For it is not enough to know what we ought to say; we must also say it as we ought. ~Aristotle
To me, style is just the outside of the content, and content the inside of style, like the outside and inside of the human body–both go together, they’ can’t be separated. ~Jean-Luc Godard
Style usually means the game-and-play part of the message, but sometimes the competitive or the playful part of the message really is the message and so style becomes content. ~Richard Lanham
If you were to hike your way through this totally manageable sci-fi and fantasy fiction reading list (courtesy of NPR, 2011), I believe you would find that you enjoy some authors more than others for stylistic rather than substantive reasons.
For example, in The Chronicles of Amber, Roger Zelazny’s style is terse and conversational. In the Farseer Trilogy, Robin Hobb is sparing yet evocative, with a voice that tends towards the melancholy. The works of Diana Gabaldon (Outlander) and Jacqueline Carey (Kushiel’s Legacy) pulse with eloquence in ways comparable to the English Romance writers. Then there is the cranial, hyperbole-saturated wit of Neal Stephenson in Cryptonomicon; the Charles Dickens-esque rhythms of Scott Lynch in The Lies of Locke Lamora; the vivid, multifaceted space opera of Dan Simmons in the Hyperion Cantos; the gritty, colloquial simplicity of Stephen King in The Stand.
While all of these authors have developed compelling stories, they differ markedly in how they animate their stories through style—and I suspect we underestimate the impact of this seemingly superficial difference. While I admire Roger Zelazny and Stephen King, my desire to re-read them is not nearly as strong as compared to Scott Lynch and Dan Simmons. The latter write with a unique, imaginative vigor that sets them well apart from most other sci-fi and fantasy authors in my mind.
Such tastes are subjective, of course. Some people prefer the plain, colloquial styles of King and Zelazny. Or perhaps you oscillate in your preferences. After soaking in one author’s style for a few weeks, you find yourself craving a different author for different reasons, only to find yourself craving the original author all over again.
Which begs the question: does style really matter that much? Isn’t the story the important part? Surely if the conflicts and the characters are solid, then style is of secondary significance.
Story is king, and always will be. But if you have a lot of good stories to choose from, then story begins to fade in significance because story is not what is scarce. Time and attention are scarce. And when that is the case, style plays a bigger role. Style can become the substance because style is fundamentally about how you say or write a thing so that you get people to take notice, keep taking notice, and ultimately take action—especially if that action is to buy your book.
Let me put it this way. In the publishing industry in general, there are so many good books vying for our attention that we have trouble deciding what to read next. Consequently it is not only the “substance” that determines whether we pick one up. A book’s stylistic elements—the uniqueness of the prose, the intriguing title and synopsis, the cover art, the endorsements, the author bio, and so on—become all the more important, if not more important, than the story itself. This dynamic has profound implications for all writers, but perhaps more so for authors in an industry made increasingly competitive by digitization and self-publishing.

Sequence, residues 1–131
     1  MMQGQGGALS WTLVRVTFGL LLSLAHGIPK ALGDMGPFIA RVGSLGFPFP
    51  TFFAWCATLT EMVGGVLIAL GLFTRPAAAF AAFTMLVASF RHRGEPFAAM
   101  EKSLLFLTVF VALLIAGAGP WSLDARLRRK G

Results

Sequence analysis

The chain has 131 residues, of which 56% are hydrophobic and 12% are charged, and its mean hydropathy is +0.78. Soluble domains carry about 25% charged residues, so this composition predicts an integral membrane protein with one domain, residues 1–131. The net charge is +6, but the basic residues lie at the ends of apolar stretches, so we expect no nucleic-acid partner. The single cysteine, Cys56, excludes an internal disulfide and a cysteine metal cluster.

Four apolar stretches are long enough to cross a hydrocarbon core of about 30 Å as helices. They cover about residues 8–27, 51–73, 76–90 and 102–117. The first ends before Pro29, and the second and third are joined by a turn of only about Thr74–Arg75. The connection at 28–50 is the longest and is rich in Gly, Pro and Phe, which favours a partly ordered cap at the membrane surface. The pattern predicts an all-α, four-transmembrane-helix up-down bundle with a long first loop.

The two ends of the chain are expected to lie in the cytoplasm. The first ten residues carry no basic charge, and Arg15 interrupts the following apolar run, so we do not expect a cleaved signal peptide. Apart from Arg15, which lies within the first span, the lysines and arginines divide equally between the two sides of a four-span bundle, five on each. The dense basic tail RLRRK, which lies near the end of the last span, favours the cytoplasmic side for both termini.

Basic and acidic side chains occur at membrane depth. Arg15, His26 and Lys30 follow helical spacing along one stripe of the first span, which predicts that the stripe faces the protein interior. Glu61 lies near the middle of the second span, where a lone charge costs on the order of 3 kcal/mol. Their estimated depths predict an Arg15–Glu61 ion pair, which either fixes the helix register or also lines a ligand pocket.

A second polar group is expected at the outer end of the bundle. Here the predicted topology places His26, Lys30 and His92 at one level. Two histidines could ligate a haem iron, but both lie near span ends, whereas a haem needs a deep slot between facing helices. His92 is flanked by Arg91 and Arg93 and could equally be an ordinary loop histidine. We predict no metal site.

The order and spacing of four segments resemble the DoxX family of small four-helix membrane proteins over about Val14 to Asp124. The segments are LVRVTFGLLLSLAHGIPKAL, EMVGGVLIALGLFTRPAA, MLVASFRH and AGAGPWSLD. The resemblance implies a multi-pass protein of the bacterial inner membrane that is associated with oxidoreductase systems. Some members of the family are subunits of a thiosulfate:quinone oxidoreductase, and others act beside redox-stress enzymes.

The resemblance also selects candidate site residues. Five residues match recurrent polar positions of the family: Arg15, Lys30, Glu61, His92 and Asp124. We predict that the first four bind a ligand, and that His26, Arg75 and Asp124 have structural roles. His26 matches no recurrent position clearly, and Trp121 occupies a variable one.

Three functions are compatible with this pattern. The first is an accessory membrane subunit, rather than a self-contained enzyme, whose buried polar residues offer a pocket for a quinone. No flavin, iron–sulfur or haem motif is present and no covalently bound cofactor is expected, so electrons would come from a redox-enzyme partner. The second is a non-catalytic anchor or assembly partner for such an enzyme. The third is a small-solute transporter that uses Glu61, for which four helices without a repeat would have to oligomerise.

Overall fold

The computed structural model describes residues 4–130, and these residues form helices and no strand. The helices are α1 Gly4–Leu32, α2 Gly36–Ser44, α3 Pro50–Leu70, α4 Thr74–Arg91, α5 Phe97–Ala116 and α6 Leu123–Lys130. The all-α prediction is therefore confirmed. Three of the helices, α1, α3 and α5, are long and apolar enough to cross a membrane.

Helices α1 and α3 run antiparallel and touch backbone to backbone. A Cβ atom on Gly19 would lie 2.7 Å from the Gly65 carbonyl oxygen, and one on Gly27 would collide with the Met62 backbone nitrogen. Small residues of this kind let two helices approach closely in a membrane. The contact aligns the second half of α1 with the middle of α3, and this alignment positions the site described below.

Before I expand on this point, though, I need to debunk two common myths about style. Left unaddressed, these myths will only obscure what I am talking about.
Myth #1: Substance Is Superior to Style
As I hinted at above, we usually think of style as the outer garment for our words. Substance, on the other hand, refers to the facts being dressed up, or packaged if you will, for delivery to the audience. Style is the fluff, substance is the stuff. This is reflected in the things we say. “He’s all talk and no action.” “It’s not what you said, it’s how you said it.” Or in the eloquent words of Claire Randall, the resilient protagonist of Outlander: “Life among academics has taught me that a well-expressed opinion is usually better than a badly expressed fact, so far as professional advancement goes” (p. 35-36).
The problem with this formulation is that we have abused it to privilege substance over style. As English professor Richard Lanham points out in Analyzing Prose, we generally operate under what he calls the Clarity, Brevity, and Sincerity (C-B-S) theory of style, which states that we should not use flowery figures of speech to call attention to our words, but rather focus as efficiently as possible on conveying a point (p. 1). Admitting any other motive into the process, such as game or play, renders the author suspect and pretentious.
We can actually trace this low view of style as far back as the 4th century B.C., when Aristotle, in his treatise On Rhetoric, rather grudgingly acknowledges style as a necessary evil. The average American today would probably agree. “High” or “ornate” styles—which anyone can find in verbose academic texts or in bombastic political speeches that deserve the criticism they receive—strike us as pompous and needlessly complicated. Richard Lanham articulates this cultural attitude so well that he’s worth quoting at length.